DV Hardware :: Saturday, December 19, 2009
DV Hardware published an article about FASTRA II, a new desktop supercomputer developed by ASTRA researchers at the University of Antwerp. The system features six NVIDIA GeForce GTX 295 graphics cards and one GeForce GTX 275, for a total of 13 NVIDIA GPUs. FASTRA II illustrates the power of GPGPU computing, for under 6000EUR a system was build that can do their research more than four times faster than the university’s supercomputer cluster.
Alienware Aurora ALX Desktop Review
Driver Heaven :: Monday, December 14, 2009
“Today we take a look at the latest in Alienware/Dells desktop range, the Aurora ALX and run it though a selection of real world tests including gaming at 2560×1600, Photoshop, media encoding and overclocking to find out if their impressive run of form continues.”
Top 100 Tech Gift Guide 2009
i4u :: Monday, December 14, 2009
“It is very hard to name a stand-out gift from among the 100 tech gifts we have selected. When pressed I would name the new digital cameras with special features like a second screen or an integrated projector. You never can go wrong with an iPod touch of course. If you want to make yourself very happy then get the new top of the line Samsung UN55B8500 LED HDTV.”
TrickleStar PC TrickleSaver and PC TrickleSwitch
Bona Fide Reviews :: Monday, December 14, 2009
” Last month I took a look at the TrickleStar TV TrickleSaver and it’s a product that I like quite a bit and still use to this day. Today I’ve got another review of TrickleStar products, two actually, the PC TrickleSaver and the PC TrickleSwitch. The PC TrickleSaver does for your computer what the TV TrickleSaver does for your TV, it senses when the power goes off and then turns off anything else connected to it so they don’t use any power in standby mode, therefore saving you a bit of money. The addition of the PC TrickleSwitch adds more functionality to this setup in that it allows you to manually power on or off the devices attached to the PC TrickleSaver. So read on for a brief review of tow very useful products..”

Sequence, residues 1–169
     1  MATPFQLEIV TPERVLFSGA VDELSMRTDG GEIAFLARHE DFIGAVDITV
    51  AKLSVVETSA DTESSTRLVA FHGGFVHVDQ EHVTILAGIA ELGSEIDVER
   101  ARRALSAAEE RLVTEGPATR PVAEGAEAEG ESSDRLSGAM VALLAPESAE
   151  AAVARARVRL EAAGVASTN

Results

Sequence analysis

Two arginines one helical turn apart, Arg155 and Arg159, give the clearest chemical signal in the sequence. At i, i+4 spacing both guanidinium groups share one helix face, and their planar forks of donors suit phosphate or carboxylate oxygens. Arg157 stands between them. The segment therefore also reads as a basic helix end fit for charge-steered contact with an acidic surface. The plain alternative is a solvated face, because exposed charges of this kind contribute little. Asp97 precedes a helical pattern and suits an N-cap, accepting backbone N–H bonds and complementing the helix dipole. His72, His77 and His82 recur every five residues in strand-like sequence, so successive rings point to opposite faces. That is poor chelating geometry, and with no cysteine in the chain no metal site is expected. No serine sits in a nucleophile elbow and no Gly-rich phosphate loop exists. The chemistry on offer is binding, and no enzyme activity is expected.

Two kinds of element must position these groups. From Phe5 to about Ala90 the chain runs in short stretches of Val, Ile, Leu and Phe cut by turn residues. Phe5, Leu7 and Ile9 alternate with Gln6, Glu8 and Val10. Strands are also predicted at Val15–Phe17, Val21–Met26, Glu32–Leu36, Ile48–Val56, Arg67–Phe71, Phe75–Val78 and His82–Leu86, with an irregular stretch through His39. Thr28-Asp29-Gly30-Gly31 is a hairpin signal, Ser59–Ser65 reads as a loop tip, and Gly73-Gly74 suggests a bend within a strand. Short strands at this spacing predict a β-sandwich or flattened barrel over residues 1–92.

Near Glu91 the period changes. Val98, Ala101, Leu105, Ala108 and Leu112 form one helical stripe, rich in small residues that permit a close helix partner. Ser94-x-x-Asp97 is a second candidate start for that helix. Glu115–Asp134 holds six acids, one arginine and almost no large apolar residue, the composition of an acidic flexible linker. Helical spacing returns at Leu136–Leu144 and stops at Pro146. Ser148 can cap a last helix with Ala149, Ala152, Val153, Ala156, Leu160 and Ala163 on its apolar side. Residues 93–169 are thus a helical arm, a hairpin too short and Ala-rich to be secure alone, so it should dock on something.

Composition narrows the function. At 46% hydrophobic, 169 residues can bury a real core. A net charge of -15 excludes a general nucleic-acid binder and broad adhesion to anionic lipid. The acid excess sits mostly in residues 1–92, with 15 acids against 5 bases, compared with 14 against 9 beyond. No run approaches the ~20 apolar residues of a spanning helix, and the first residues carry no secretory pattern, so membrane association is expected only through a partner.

Google’s Real Time Search
t-breakl :: Saturday, December 12, 2009
Just be careful of who you’re seen having dinner with because by the time you finish, you might already be at the top of Google’s Search Engines
Top Holiday Tech Gifts
Tech Review Source :: Friday, December 11, 2009
“With the holiday shopping season in full swing, it can be hard to figure out what to buy. To help, you will want to check out these hot holiday gifts that are the most popular tech gifts to give and get this season.”
A quick first look at USB 3.0 performance
Tech Report :: Friday, December 11, 2009
USB 2.0 has been around for nearly a decade—an eternity in the PC world. We’ve taken a quick first look at its replacement, SuperSpeed USB 3.0, to see what’s up with the spec and how a first implementation measures up.
Asus EeeTop PC ET2002 Review
Hot Hardware :: Tuesday, December 08, 2009